The starting point for this review was the results of a recent desk study and stakeholder engagement programme undertaken by the Planning & Architecture Division of Scottish Government. In addition to that, we reviewed:

  • The 2018 Scottish Government report Understanding the Scottish Rural Economy[5];
  • Research undertaken by the James Hutton Institute and Scotland’s Rural College (SRUC) under the Scottish Government-funded Environment, Agriculture & Food Strategic Research Programme 2016-2021[6]. Specifically, we reviewed the results of work streams on Demographic Change in Rural Areas[7] and on Place-based Policy & its Implications for Policy and Service Delivery[8];
  • SRUC’s Rural Scotland in Focus biennial evidence summaries[9];
  • Outputs from the National Council of Rural Advisors 2018 ‘rural conversation’ consultation[10];
  • Outputs from the Scottish Rural Parliament, organised by Scottish Rural Action[11]. Specifically, we reviewed: the 2016 Manifesto for Rural Scotland[12]; the 2016 Rural Parliament Book of Proceedings[13], and; the 2014 Parliament Action Plan[14] and Event Report[15];
  • Research outputs from the recent Planning Review[16], specifically: analyses of written evidence submitted to the review (2016)[17], of responses to the 2017 consultation on the planning system[18] and of responses to the 2017 Scottish Government position statement on the planning review[19].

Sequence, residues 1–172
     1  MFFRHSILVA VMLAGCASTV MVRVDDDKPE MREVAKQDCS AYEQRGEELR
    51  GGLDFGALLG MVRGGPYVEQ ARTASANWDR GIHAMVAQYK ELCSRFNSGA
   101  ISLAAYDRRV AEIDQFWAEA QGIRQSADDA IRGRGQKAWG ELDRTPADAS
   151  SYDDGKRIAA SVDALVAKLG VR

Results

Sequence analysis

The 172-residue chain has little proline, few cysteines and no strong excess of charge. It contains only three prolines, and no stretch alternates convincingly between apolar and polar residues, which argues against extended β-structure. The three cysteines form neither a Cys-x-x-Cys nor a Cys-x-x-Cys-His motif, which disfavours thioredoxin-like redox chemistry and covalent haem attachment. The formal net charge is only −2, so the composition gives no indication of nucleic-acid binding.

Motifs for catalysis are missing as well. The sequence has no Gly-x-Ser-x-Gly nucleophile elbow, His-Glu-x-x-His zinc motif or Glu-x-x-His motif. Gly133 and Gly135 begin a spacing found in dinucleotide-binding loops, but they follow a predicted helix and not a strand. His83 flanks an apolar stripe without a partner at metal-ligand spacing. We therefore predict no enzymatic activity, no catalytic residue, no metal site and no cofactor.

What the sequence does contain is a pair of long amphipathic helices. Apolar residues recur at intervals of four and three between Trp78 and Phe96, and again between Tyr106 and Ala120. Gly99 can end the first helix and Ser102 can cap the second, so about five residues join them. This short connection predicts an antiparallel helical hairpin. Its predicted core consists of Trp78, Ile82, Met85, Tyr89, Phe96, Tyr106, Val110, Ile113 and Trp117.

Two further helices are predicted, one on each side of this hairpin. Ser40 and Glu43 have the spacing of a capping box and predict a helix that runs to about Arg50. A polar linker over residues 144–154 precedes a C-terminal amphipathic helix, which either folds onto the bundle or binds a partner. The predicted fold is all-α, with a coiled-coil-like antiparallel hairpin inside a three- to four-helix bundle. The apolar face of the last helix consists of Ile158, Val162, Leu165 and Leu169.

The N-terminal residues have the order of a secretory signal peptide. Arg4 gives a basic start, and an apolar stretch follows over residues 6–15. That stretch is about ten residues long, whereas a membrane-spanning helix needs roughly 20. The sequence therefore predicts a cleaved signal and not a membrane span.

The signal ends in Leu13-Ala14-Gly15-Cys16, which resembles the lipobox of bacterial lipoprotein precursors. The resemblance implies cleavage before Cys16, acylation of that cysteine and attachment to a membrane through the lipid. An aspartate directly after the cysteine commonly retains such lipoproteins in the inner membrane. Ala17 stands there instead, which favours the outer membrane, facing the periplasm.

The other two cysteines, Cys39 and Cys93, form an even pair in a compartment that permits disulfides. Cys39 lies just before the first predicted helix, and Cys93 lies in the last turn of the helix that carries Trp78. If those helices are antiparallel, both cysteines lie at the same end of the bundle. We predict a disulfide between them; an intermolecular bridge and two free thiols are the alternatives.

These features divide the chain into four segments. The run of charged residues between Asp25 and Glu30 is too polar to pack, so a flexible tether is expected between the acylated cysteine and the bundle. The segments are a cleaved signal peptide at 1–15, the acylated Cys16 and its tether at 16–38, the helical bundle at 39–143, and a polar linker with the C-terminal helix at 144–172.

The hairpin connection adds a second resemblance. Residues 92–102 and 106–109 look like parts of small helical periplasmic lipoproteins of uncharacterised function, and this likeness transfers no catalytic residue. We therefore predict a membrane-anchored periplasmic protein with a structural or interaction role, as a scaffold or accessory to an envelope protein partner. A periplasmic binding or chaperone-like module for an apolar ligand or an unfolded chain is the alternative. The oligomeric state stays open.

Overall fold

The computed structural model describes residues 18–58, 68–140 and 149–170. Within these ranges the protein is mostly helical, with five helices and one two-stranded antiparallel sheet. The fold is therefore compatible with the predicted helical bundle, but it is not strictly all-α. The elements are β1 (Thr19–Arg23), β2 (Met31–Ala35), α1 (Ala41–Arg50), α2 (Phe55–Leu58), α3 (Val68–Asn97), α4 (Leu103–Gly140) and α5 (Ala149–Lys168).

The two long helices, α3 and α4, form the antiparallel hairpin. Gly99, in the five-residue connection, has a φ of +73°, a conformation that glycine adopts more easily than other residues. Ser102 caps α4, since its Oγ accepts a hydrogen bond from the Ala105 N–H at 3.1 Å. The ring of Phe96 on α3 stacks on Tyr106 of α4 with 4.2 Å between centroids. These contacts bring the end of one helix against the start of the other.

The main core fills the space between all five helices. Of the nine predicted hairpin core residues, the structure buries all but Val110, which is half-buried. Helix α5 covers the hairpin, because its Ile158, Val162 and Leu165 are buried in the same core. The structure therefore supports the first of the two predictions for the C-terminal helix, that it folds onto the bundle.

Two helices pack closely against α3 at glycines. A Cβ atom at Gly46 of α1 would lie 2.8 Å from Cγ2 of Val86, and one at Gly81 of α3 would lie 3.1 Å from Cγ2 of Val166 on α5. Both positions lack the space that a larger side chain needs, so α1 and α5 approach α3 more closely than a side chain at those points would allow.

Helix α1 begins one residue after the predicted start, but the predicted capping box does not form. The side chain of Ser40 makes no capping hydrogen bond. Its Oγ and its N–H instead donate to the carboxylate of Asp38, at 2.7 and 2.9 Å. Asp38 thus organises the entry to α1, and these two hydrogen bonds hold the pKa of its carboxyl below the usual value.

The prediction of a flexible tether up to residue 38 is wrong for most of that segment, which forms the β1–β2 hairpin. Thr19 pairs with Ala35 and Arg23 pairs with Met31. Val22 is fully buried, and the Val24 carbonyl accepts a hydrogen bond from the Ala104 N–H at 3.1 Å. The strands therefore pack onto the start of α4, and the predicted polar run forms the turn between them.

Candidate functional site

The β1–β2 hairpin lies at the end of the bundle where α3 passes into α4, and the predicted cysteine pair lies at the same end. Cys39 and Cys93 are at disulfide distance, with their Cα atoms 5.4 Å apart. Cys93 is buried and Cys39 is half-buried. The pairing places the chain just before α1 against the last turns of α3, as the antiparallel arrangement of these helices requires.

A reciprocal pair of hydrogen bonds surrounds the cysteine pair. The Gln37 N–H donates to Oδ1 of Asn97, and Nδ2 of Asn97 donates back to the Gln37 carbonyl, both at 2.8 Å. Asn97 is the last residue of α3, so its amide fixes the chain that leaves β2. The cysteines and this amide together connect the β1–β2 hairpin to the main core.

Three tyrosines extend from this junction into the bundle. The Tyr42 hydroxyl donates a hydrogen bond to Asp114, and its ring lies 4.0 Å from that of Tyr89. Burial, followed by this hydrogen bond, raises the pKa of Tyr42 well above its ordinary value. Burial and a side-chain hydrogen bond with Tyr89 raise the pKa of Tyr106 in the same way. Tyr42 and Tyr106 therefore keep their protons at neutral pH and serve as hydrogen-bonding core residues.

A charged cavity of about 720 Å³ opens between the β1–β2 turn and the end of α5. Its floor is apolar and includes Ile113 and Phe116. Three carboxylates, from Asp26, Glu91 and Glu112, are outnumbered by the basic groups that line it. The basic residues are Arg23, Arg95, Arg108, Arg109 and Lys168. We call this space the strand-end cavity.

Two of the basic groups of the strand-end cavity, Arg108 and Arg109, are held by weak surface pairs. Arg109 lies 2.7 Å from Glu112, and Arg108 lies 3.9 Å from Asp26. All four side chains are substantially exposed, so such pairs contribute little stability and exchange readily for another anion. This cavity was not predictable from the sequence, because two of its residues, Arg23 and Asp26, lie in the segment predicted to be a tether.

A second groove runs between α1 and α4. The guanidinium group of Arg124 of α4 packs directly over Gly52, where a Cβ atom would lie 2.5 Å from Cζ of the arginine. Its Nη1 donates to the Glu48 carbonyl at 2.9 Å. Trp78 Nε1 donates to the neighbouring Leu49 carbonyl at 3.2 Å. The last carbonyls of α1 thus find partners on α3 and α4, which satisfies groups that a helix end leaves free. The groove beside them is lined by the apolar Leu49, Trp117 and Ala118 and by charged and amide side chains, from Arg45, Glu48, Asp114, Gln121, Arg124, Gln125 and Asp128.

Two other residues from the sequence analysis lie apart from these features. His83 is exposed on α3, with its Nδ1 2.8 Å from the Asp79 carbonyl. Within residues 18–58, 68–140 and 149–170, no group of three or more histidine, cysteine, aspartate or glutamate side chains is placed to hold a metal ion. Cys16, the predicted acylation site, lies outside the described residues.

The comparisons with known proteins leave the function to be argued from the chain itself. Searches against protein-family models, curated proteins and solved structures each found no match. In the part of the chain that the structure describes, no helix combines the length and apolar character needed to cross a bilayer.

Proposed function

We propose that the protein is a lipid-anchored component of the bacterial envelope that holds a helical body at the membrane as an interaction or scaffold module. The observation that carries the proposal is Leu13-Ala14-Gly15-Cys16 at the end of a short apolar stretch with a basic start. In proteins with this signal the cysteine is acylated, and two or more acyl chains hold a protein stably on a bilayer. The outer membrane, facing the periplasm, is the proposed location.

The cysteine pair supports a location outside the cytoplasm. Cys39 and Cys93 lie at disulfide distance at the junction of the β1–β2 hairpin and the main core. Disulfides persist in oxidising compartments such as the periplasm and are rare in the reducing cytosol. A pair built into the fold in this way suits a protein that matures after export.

Where relevant, these sources are cited in the chapters below. The review produced a substantial amount of information on the key challenges facing rural communities and businesses in Scotland, and the opportunities open to them. The literature was more limited in terms of identifying how the needs of rural businesses and communities are likely to translate into development on the ground.

Literature Review C: Placing Scotland in its UK and International Contexts

The purpose of this review was to set the findings from the literature on Scotland and from the survey, interviews and workshops into the wider UK and international contexts.

Literature review C involved a rapid review of sources relating to the classification of rural areas elsewhere in the UK and internationally (with a focus on Europe), the key challenges and anticipated opportunities of relevance to planning in those contexts and the ways in which the needs of rural communities and businesses are likely to translate into development on the ground.

As with literature review B, the starting point here was the desk study and stakeholder engagement previously undertaken by the Planning & Architecture Division of Scottish Government. In addition, we reviewed:

  • The Prince’s Countryside Fund 2018 report Recharging Rural: Creating sustainable communities to 2030[20];
  • Outputs from the James Hutton Institute/SRUC research work streams on Demographic Change in Rural Areas and on Place-based Policy and its Implications for Policy and Service Delivery (cited above);